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Project

Integrating Patient-Centered Outcomes in Rehabilitation and Community Spinal Cord Injury Care

Funder: Craig H Neilsen Foundation

Funding period
USD 381 K
Funding amount
Abstract
Background: Ensuring care is patient-centered can be particularly challenging in spinal cord injury (SCI). Due to the sudden onset and variable severity, people with SCI often experience a wide range of limitations and secondary complications which evolve over time. Patient-Reported Outcomes (PROs) offer a primary way of monitoring whether the care provided to persons with SCI addresses what matters most to patients. There exist barriers, which impede the implementation of PROs in clinical settings. PRO data must be perceived to be relevant, meaningful and actionable to those who will have to invest the time and effort to collect it. Hypothesis: We hypothesize that collection of SCI-PROs at regular intervals will be feasible and acceptable, will increase patient engagement, satisfaction, communication, and shared decision-making between patients and providers, facilitate goal setting and problem-solving, and increase the focus on patient-valued outcomes. We also hypothesize that this type of clinical encounter will not only provide skill enhancement for clinicians but also increase psychosocial-quality of life of persons with SCI. Objectives: The goal of this project is to promote patient-centered through routine collection of a core set of SCI PROs and clinician ratings (SCI-CORE). SCI-CORE will be collected regularly via online electronic data capture with real-time scoring and reporting (EDCR). We feel that this will be feasible and acceptable, facilitate goal setting and problem-solving, and increase the focus on patient-valued outcomes. Specific aims include: Develop a participatory stakeholder-driven process to identify a minimal battery of essential SCI PROs and clinician ratings, assess acceptability, and feasibility and fidelity of integrating SCI-CORE EDCR into routine care in rehabilitation settings, and evaluate the impact of using longitudinal SCI-CORE assessments on patient and clinicians perceptions. Methodology: Phase 1 will use a participatory approach with our stakeholders to identify a harmonized core set of PROs for use in SCI rehabilitation. Phase 2 will develop the PRO prototype battery and platform including a customized interface. In Phase 3 we will implement and evaluate the SCI-PRO intervention in a user’s needs assessment allowing us to evaluate facilitators and barriers to implementation and sustainability. Evaluation: Data will be collected through: standardized questionnaires, focus groups, individual interviews, local administrative data and patient chart reviews and web analytics from the e-PRO system and we will evaluate the tool’s reach, acceptability, feasibility and fidelity of implementation and measure the perceptions of care and change in health-related quality of life. Expected results: Results of this demonstration study will potentially have an impact that is relevant to make health care more patient-centered, increase shared decision-making, promote self-management, and facilitate clinical research across SCI network. If hypothesized outcomes are observed, data will be used as preliminary data for a full scale RCT evaluating the effectiveness of this approach across settings in the US and Canada. (CHN: PSR chn:wdg)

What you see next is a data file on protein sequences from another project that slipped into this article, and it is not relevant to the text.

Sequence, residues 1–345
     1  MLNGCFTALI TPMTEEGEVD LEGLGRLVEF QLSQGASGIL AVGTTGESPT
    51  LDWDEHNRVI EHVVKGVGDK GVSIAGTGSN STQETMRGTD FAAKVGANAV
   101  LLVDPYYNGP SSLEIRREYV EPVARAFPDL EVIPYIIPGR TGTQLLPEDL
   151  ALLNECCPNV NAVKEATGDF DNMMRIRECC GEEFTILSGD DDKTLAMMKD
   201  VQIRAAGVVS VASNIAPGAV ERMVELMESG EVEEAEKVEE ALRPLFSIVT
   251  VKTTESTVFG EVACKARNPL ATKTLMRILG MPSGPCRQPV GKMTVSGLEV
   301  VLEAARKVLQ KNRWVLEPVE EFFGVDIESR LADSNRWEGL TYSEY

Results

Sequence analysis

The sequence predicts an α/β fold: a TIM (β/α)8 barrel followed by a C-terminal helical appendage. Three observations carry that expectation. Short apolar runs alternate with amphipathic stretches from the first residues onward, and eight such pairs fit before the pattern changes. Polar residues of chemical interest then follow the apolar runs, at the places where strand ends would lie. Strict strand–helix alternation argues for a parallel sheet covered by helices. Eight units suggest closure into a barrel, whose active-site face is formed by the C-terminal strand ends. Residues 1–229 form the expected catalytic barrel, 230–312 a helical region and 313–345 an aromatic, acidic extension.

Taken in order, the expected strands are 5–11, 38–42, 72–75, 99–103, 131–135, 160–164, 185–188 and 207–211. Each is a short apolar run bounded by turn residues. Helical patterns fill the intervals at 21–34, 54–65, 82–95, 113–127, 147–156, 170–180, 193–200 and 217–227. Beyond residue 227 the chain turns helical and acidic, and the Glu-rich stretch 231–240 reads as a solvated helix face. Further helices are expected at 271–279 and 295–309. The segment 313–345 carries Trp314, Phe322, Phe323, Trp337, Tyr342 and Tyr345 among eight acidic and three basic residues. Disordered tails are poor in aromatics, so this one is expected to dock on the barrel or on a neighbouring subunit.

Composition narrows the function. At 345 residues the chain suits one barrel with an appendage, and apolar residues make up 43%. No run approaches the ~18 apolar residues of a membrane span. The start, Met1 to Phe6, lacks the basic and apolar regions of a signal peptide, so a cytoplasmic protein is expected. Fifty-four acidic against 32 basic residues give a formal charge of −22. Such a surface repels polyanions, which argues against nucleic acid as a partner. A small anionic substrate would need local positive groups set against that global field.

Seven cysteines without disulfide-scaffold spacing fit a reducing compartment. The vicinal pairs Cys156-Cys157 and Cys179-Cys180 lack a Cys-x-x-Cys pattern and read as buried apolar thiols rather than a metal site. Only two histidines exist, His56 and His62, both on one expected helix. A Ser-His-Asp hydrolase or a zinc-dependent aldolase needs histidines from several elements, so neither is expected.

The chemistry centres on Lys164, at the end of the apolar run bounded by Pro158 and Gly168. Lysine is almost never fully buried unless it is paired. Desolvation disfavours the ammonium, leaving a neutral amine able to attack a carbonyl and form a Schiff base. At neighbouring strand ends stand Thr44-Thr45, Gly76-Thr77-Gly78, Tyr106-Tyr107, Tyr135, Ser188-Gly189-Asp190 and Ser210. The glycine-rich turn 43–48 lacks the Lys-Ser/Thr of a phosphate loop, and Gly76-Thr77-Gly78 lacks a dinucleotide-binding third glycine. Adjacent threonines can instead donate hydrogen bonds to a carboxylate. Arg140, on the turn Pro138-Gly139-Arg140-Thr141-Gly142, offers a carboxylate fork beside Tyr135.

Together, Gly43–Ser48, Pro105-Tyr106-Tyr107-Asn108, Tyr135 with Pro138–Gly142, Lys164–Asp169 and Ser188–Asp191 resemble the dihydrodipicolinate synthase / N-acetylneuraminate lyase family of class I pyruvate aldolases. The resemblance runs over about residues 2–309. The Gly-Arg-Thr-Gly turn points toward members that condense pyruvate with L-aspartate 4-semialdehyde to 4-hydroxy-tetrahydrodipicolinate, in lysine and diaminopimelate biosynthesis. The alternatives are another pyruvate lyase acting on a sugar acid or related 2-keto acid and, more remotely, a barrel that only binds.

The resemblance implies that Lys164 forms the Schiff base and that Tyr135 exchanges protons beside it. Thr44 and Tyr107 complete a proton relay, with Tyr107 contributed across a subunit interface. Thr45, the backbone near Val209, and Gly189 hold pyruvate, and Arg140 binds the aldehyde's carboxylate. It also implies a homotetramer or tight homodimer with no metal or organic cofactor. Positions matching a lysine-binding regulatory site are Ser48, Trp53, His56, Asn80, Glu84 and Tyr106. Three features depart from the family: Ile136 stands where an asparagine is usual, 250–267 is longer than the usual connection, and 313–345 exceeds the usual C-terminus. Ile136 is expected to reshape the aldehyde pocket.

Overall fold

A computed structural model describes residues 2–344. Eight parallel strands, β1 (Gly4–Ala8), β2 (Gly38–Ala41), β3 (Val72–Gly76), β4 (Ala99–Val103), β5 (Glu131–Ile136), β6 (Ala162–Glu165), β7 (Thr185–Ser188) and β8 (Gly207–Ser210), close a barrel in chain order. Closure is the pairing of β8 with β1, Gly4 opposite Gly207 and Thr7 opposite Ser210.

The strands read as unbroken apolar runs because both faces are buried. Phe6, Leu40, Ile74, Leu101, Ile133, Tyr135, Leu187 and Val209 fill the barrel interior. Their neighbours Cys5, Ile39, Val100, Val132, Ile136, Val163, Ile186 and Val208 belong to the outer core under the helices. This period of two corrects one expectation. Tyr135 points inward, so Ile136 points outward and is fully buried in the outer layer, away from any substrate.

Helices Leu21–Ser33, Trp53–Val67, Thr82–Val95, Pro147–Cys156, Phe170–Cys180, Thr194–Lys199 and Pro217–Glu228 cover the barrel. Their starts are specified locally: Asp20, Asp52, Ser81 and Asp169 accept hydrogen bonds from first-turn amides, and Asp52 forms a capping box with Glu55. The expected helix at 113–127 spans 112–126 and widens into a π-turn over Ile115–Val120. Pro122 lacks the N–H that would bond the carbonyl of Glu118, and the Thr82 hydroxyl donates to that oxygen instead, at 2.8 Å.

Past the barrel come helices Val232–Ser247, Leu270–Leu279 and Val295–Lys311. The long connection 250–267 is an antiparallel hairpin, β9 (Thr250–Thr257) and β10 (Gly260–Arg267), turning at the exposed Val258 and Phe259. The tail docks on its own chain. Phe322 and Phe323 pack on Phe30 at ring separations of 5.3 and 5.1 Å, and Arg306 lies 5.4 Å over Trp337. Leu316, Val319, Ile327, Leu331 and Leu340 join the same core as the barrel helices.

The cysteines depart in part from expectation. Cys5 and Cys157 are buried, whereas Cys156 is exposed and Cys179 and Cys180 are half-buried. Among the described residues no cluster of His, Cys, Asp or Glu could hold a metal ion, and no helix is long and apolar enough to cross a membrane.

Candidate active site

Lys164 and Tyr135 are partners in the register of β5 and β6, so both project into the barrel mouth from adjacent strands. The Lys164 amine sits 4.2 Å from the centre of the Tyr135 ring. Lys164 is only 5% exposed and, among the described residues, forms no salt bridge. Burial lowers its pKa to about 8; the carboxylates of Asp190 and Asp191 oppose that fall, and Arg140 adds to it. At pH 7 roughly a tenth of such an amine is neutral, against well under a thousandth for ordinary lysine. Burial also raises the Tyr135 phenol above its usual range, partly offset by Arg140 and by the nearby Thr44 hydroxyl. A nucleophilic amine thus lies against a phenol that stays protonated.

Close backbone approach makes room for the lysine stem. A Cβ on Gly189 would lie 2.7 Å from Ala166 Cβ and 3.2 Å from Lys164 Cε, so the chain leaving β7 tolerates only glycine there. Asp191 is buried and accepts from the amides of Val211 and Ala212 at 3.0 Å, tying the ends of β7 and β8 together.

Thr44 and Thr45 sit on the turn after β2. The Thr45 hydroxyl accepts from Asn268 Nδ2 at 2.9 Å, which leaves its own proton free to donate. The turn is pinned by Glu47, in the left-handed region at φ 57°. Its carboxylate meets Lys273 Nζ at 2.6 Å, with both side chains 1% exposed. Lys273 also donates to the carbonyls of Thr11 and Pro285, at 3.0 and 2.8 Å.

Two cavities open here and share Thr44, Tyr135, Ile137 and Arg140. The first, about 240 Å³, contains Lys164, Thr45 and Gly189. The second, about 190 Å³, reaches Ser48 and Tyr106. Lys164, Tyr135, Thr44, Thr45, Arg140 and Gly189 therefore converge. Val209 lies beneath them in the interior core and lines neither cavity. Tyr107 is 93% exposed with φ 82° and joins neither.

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System

Categories
  • FOR (ANZSRC)

    0806 Information Systems

  • FOR (ANZSRC)

    1103 Clinical Sciences

  • FOR (ANZSRC)

    1117 Public Health and Health Services

  • RCDC

    Injury (total) Accidents/Adverse Effects

  • RCDC

    Injury - Trauma - (Head and Spine)

  • RCDC

    Health Services

  • RCDC

    Rehabilitation

  • RCDC

    Spinal Cord Injury

  • RCDC

    Behavioral and Social Science

  • RCDC

    Clinical Research

  • RCDC

    Comparative Effectiveness Research

  • RCDC

    Neurodegenerative

  • HRCS RAC

    7.1 Individual care needs

  • HRCS RAC

    7.3 Management and decision making

  • Health Research Areas

    Health services & systems

  • Broad Research Areas

    Health Services Research